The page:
Michael Cashman MEP: “If we really wish to take public health seriously we should do everything we can to promote the normalisation of condom use.”
BRUSSELS, November 29, 2007 — Restrictions on condom advertising should be relaxed in order to combat rising levels of sexually transmitted disease, according to a senior Euro MP.
Labour’s Michael Cashman made the call for pre-watershed condom advertising as part of a campaign to mark World Aids day on Saturday.
The lifting of TV advertising restrictions of condoms across the EU has the support from the 219-strong Socialist Group in the European Parliament.
The current guidelines in the UK restrict condom adverts before 9.00pm on all channels except Channel 4, which can show adverts after 7.00pm. The organisations which oversee the guidelines are the Advertising Standards Authority and the Committee for Advertising Practices.
“In the late 1980s and early 1990s, fears about HIV led to young people exercising greater care and using condoms,” Mr. Cashman said this morning.
“But, unfortunately, as a nation we have appeared to have become complacent.”
“Amazingly there are people who still think that HIV is a disease that only affects groups such as homosexuals and drug users. Those who think this way are not just being ignorant; they are being reckless.
“HIV does not discriminate. Having unprotected sex is like playing Russian roulette but every chamber of the gun is loaded.”
“It is young people who are most at risk and they are the very people who need to be informed about using condoms. They need an environment where they can see, talk about and use condoms,” he added.
There has also been a worrying rise in reported cases of other sexual transmitted diseases. In 1997 there were just 301 reported cases of syphilis. That figure rose to an astonishing 3,702 last year. The number of reported cases last year for Chlamiydia was 113,000.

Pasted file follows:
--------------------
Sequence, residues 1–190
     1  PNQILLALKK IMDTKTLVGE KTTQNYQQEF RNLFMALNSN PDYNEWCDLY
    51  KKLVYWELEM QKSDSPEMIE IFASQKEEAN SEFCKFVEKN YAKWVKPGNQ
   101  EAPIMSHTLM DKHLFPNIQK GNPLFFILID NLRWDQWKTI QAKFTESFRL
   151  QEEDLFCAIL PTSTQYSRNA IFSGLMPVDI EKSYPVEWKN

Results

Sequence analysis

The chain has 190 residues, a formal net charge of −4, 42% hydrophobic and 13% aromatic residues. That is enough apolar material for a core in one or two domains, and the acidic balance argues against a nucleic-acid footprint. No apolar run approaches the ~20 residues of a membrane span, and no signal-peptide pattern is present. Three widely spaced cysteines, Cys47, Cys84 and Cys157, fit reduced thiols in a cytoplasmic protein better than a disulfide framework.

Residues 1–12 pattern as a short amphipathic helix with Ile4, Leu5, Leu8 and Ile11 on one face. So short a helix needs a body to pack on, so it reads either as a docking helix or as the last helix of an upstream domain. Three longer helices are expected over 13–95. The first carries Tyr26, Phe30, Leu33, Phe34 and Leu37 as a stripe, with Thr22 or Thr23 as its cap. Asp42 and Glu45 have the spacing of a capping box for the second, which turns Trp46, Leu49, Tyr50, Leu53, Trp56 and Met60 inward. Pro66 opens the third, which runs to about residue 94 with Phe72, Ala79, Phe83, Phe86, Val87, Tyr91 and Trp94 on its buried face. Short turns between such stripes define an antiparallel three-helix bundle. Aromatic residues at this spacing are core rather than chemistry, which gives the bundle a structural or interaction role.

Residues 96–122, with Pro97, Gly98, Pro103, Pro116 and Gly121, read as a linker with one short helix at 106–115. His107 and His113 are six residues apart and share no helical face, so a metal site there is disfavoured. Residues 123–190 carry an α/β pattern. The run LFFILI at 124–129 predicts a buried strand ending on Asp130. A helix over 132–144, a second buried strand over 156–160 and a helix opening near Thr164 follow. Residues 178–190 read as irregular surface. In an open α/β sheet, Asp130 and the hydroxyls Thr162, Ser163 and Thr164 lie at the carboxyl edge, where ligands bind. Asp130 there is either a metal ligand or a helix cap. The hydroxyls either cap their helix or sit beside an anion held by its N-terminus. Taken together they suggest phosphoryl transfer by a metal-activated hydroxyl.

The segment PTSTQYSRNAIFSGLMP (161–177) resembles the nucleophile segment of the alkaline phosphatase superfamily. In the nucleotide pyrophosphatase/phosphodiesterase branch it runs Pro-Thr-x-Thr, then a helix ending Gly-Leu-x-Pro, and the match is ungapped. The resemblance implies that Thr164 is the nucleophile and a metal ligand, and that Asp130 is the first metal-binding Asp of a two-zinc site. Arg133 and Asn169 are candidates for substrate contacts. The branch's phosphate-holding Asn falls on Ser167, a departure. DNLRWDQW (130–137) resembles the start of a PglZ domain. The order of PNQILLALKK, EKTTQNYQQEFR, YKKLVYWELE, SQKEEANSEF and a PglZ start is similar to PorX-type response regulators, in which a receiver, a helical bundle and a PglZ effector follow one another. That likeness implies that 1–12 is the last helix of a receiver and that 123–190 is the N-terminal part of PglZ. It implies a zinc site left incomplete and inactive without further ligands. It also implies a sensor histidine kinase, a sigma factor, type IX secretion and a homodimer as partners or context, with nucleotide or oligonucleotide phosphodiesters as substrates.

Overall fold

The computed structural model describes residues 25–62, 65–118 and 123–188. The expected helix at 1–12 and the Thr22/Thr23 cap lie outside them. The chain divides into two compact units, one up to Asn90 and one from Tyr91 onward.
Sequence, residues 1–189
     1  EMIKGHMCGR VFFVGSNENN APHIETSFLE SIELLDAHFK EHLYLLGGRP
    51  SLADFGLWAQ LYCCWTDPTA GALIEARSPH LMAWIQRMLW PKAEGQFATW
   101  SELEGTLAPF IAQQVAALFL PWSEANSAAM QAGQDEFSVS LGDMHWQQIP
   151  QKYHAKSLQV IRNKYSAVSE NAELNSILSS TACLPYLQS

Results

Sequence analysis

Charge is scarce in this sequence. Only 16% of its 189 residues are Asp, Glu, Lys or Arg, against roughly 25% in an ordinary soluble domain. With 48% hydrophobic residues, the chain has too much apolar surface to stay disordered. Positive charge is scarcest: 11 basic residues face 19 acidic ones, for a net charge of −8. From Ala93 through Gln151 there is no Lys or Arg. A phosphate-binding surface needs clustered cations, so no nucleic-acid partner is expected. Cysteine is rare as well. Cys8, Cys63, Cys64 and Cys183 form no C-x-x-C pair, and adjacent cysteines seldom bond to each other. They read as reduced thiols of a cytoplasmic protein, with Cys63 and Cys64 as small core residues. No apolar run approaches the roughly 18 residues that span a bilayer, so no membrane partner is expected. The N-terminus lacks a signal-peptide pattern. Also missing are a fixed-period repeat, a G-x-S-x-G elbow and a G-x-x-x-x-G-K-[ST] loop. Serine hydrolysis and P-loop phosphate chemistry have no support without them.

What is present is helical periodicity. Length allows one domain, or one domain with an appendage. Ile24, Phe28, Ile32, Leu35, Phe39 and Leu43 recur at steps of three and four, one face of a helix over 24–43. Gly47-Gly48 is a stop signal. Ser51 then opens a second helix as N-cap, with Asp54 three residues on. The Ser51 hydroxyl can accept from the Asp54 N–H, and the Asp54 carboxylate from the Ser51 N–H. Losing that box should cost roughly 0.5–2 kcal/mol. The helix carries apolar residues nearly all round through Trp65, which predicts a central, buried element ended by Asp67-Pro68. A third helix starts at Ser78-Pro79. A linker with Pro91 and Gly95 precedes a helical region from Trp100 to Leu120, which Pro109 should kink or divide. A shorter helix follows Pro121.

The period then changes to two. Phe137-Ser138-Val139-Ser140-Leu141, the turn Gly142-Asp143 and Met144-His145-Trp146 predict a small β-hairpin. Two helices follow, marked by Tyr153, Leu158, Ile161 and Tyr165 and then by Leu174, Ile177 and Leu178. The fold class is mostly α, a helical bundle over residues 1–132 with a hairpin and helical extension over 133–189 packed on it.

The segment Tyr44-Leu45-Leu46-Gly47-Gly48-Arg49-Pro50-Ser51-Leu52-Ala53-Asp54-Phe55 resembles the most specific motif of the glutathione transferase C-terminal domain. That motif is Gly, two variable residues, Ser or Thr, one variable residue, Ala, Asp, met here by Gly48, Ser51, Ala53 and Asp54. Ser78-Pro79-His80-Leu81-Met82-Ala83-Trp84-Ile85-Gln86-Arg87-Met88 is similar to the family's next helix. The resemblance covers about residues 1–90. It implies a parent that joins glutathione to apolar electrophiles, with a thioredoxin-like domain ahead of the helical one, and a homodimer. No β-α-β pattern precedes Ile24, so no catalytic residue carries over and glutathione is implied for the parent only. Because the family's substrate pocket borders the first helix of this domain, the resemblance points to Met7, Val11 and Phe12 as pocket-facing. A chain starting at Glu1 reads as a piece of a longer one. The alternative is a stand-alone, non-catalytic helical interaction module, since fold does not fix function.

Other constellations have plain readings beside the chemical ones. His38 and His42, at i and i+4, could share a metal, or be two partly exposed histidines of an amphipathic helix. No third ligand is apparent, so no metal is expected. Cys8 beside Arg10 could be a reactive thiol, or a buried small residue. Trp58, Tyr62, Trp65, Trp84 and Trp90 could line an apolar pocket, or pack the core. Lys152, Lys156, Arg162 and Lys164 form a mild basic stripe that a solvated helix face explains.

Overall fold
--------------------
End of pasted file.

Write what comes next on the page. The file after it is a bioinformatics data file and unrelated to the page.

Mr. Cashman believes that allowing advertising before the watershed will help to remove some of the taboo that is still associated with condoms. The Family Planning Association (FPA) has also called for restrictions to be lifted and has described the current rules as having a “Victorian attitude”.
A review of condom advertising has also been recommended by the Independent Advisory Group on Sexual Health and HIV.
“If we really wish to take public health seriously we should do everything we can to promote the normalisation of condom use,” Mr. Cashaman continued.
“That is why I am using the occasion of World AIDS Day to call on the Advertising Standards Authority (ASA) and the Committee for Advertising Practices (CAP) to review the guidelines on condom advertising.”
Mr. Cashman, who was a founding director of Stonewal, is the current president of the European Parliament’s Intergroup on Gay and Lesbian Rights
■ In an initiative to mark World AIDS Day, Socialist Euro MPs are calling for a cut in VAT on condoms and are urging condom manufacturers to reduce prices to levels closer to production costs. The United Kingdom government has already made the VAT reduction.